Researchers at all the major car companies and U.S. labs are trying to perfect homogenous-charge compressionignition technology (HCCI) in the quest for more fuel-efficient internal combustion engines.
Like most auto engines, HCCI engines inject a premixed charge of fuel and air into the cylinder. But combustion is not set off by a spark plug. Instead, the mixture is compressed until it autoignites, much like in a diesel at a much lower temperature. This virtually eliminates NOx emissions and lowers throttling losses, which could lead to a 30% boost in fuel economy. HCCI engines would also use a higher ratio of air to fuel, high compression ratios (on the order of 12:1), and burn a variety of fuels, including methane.
Researchers at Honda hope to use HCCI technology on a V6-powered Accord sedan to boost mileage to 50 mpg, double the 25 m pg it gets today. They ultimately want to add electric power to the Accord to get an HCI gas/electric hybrid that gets 70 mpg.
But there are several technological problems to solve before HCCI engines can be mass produced for consumers. The biggest challenge is controlling the combustion at low and high speeds so that HCCI engines run smoothly.
The trick, according to scientists, is to ensure the air/fuel mixture ignites exactly when the piston reaches its zenith. But HCCI engines inherently lack traditional methods of timing ignition. In diesels, for example, ignition starts when fuel is injected into the hot, compressed air.
And in standard engines, sparking the plug initiates ignition. HCCI engines also lack the means to control the heat-release rate. In diesels, this takes place by adjusting the rate and duration of fuel injection, while in standard engines, engineers manage it via control of spark plug intensity and spark duration.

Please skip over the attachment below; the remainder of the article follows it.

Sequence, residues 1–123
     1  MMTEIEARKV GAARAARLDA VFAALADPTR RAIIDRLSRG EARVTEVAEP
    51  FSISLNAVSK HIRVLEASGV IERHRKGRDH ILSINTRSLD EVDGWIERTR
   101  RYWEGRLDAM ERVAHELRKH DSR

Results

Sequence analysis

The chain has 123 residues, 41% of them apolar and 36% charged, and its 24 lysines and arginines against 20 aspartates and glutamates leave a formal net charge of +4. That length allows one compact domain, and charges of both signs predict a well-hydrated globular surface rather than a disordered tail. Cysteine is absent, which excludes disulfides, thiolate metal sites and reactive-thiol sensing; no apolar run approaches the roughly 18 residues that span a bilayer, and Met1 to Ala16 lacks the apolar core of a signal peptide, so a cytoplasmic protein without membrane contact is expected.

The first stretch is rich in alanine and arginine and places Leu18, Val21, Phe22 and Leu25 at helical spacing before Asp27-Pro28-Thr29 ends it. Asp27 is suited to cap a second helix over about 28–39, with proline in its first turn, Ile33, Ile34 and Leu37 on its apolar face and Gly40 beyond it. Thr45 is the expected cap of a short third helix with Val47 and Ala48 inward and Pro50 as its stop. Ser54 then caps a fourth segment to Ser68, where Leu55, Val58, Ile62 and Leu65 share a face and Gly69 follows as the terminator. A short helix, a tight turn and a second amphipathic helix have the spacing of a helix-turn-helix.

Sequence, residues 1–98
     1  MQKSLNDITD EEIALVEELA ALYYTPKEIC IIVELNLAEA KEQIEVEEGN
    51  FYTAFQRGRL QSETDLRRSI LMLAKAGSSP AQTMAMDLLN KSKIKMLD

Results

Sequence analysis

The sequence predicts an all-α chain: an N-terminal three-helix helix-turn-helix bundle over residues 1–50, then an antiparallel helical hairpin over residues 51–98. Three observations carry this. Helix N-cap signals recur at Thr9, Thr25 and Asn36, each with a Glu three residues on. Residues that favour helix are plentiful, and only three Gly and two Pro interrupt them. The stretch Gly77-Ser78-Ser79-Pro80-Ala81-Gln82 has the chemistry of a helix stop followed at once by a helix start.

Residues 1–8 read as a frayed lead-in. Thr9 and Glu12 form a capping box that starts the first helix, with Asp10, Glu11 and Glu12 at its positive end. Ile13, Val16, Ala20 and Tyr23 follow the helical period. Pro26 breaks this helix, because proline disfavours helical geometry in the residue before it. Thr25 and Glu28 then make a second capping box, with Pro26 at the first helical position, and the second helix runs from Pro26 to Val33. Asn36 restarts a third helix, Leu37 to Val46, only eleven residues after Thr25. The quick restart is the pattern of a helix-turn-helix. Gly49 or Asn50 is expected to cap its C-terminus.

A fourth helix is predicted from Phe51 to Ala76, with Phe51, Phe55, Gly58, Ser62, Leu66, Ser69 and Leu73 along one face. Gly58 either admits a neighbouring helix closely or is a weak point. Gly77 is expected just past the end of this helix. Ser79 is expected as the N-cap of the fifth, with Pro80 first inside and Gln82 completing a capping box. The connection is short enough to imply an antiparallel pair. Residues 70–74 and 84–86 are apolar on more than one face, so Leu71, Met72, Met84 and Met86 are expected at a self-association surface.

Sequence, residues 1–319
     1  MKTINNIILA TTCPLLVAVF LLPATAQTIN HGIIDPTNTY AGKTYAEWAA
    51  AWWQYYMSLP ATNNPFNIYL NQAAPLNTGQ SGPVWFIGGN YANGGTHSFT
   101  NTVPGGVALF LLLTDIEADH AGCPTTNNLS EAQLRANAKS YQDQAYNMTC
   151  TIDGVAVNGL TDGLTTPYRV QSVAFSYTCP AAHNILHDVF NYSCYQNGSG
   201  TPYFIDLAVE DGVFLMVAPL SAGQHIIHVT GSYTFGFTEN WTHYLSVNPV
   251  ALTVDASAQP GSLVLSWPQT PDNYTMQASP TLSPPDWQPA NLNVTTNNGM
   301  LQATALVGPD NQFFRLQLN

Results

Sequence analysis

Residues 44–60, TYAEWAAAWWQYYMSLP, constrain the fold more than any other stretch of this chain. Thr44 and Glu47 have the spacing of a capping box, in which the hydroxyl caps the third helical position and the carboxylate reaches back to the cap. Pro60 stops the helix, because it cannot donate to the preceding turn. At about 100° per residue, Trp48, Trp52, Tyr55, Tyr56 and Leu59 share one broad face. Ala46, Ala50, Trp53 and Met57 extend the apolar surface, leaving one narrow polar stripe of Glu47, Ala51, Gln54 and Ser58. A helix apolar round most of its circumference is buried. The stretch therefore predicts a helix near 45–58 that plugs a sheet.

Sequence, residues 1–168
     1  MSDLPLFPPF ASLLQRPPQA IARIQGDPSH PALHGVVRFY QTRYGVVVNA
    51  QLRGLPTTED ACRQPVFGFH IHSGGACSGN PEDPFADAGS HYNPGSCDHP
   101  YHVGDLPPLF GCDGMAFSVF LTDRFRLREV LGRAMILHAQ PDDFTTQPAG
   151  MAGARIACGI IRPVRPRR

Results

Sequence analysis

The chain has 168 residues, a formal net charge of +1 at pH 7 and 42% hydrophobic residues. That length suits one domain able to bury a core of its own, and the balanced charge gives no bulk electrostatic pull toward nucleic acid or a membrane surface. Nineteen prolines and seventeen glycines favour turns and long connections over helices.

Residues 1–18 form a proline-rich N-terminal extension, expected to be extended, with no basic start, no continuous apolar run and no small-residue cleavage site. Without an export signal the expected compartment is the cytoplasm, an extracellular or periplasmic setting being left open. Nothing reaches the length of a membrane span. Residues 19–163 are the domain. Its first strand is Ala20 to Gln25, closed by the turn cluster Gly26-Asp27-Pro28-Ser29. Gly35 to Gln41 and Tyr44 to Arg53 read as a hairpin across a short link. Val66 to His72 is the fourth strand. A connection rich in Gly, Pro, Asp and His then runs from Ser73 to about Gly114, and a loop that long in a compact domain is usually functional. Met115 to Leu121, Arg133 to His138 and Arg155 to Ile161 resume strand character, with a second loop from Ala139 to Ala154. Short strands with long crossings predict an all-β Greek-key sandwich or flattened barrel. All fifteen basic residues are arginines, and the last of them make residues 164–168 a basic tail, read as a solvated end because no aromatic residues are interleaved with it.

Overall, the challenge is to establish closed-loop control of the fuel and air systems to keep combustion optimized despite changes in speeds and loads. If the control is off, for example, and the there is a misfire, the gas mixture injectedin to the cylinder for the next cycle-could be too cold for autoignition and the engine could stop.
HCCI engines also tend to have low power densities, so a 250-cu-in. HCCI engine will generate less horsepower than a traditional internal combustion engine with the same displacement. This means friction losses in HCCI engines are a larger fraction of total power output than in traditional car engines.
At Lawrence Livermore Laboratory, researchers specialize in mathematical modeling of HCCI combustion, a carryover from the days when they tested and built nuclear warheads. They are studying two options for controlling HCCI engines. One is to recirculate exhaust gases into the fuel/air mix to quickly raise its temperature. The other is to add dimethyl ether to the fuel/air mixture to improve combustion.
Several researchers suggest bootstrapping the technology rather than striving for a widespread automotive application right off the bat. They want to use current state-of-the-art HCCI techniques to build stationary engines, such as a 5-MW generator. They would run at constant speeds under constant loads, sidestepping most of the control issues. What they learn from designing, building and operating the generators can then be used in later applications.